How to Shade With a Pencil

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Shading with pencil gives your drawings depth and helps create the illusion of shine and reflection. While it may take some practice, you can learn to shade with a pencil. No formal training is required.

Things You'll Need

  • Drawing paper
  • Pencils

Practice Shading With a Pencil

  • Choose a large area and shade it in without thinking about shading technique. Step back and view your work. You will likely find that your shading has a patchy look caused by starting and stopping your pencil in the same place as you draw.

  • Pick another large area and practice shading with an irregular pattern. While shading, alter the length of your stroke frequently. One pencil stroke could be short and horizontal, while the next is long and diagonal.

  • Avoid trying to shade small pieces of the area completely before moving on. It is best to allow white areas to show through your pencil marks until you fill the entire area.

  • Vary your pressure on the pencil to simulate reflections or highlights. Varying the pressure, while mid-stroke, is especially effective for creating natural-looking highlights.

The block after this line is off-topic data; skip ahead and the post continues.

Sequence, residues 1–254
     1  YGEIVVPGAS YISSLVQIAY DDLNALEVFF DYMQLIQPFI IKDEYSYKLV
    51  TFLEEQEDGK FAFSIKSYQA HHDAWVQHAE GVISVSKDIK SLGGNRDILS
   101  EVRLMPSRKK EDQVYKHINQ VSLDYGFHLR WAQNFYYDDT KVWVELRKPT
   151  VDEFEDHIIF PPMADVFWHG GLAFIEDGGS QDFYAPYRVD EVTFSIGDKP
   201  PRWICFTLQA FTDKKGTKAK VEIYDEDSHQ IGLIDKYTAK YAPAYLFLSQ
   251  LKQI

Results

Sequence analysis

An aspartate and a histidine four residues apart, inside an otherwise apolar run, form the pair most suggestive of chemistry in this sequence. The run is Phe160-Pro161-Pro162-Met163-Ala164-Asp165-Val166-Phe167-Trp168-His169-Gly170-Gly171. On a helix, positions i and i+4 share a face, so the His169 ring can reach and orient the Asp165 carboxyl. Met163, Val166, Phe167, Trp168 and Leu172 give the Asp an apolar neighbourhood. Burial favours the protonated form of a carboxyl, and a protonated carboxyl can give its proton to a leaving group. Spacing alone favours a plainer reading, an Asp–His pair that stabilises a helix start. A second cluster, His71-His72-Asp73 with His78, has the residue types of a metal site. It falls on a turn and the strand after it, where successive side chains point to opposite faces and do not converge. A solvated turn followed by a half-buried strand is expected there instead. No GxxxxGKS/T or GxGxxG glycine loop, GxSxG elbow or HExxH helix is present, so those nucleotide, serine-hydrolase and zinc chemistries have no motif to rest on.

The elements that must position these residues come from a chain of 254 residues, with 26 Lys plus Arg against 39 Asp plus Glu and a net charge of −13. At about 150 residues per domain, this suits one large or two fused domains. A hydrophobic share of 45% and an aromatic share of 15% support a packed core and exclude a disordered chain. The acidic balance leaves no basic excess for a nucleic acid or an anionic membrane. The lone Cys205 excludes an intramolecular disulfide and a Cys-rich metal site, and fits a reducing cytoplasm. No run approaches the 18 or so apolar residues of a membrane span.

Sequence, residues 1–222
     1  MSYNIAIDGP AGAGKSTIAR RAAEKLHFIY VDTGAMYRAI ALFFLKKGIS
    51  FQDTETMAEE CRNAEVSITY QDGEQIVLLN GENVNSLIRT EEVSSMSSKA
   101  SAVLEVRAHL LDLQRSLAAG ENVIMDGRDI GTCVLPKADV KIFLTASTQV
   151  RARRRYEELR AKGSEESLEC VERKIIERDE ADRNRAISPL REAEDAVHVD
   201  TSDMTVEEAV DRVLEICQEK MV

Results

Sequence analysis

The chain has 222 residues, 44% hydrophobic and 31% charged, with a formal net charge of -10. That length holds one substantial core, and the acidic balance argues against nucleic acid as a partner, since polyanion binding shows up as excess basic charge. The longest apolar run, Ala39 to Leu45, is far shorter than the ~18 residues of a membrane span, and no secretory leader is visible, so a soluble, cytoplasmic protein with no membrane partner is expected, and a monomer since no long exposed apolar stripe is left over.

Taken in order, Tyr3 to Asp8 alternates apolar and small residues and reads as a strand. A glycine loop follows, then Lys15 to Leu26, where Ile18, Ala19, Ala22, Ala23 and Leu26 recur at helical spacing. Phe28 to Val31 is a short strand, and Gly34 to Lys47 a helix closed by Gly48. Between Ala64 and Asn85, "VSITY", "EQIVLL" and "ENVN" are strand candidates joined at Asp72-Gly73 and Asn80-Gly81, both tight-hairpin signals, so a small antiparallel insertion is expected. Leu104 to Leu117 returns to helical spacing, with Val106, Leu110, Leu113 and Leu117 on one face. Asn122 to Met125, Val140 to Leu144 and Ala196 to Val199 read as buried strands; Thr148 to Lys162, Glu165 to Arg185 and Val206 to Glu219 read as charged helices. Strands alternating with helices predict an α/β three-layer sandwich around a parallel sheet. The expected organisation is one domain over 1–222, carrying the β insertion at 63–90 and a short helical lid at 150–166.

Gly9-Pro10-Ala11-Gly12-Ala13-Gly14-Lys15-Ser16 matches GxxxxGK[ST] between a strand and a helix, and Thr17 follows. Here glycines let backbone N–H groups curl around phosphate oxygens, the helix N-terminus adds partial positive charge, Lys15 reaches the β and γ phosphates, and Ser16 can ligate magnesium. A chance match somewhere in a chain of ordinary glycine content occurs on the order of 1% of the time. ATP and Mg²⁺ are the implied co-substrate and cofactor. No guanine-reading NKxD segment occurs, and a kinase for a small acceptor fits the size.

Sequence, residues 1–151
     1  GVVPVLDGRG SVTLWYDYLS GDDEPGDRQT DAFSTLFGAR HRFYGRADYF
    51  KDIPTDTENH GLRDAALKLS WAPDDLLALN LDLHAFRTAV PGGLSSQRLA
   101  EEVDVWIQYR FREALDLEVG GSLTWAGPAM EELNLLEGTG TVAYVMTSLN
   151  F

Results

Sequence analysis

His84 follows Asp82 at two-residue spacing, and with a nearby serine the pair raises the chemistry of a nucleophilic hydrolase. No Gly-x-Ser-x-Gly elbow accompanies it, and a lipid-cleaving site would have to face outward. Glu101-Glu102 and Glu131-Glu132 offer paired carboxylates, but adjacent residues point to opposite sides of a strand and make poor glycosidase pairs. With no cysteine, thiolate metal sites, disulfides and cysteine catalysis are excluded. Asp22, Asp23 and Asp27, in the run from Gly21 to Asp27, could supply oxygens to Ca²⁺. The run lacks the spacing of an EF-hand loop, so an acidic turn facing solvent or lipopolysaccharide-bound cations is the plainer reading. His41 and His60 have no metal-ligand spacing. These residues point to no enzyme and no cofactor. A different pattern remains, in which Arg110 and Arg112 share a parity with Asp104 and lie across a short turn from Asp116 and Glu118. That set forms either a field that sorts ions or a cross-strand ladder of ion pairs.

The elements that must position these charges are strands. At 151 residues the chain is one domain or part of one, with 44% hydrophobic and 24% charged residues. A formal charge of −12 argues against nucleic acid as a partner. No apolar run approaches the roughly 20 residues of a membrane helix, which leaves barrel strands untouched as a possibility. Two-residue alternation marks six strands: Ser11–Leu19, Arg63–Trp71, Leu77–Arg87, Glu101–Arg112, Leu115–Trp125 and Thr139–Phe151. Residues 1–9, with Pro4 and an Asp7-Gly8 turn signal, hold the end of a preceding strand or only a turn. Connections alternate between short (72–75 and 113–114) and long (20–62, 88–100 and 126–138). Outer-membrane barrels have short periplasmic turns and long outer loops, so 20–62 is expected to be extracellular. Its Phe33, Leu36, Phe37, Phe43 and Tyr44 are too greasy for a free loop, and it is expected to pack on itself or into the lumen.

Try Circular Shading

  • Shade with an irregular, circular stroke. Be sure to use a very light touch so that the circles do not show through the shading.

  • Space your circles out at various distances to achieve a smooth texture.

  • Work slowly to cover the area. Build up several layers of circular strokes until you reach the shade you want.

Use Contour Shading to Create Shapes

  • Practice shading around the contours of a drawn object to create three-dimensional effects.

  • Vary your pressure on the pencil, as you shade along the edge of an object, to create lighter and darker areas. The lighter areas will appear to be closer to you than the darker areas, creating a sense of volume.

  • Match your shading strokes to the perspective lines of the drawing. This means changing the angle of your pencil strokes as you fill in an object. Perspective angles are sharper at the bottom of a square, for instance, than at the top, making it necessary to adjust your shading technique.

Tips & Warnings

  • Create the desired effect with your pencil. Shading with the side of the pencil will create a softer look. Shading with the tip of the pencil will give you greater control and allow for more detail.
  • Beware of changing direction while shading. If one area is shaded with horizontal strokes and the area next to it is shaded with vertical strokes, your shading will look patchy.

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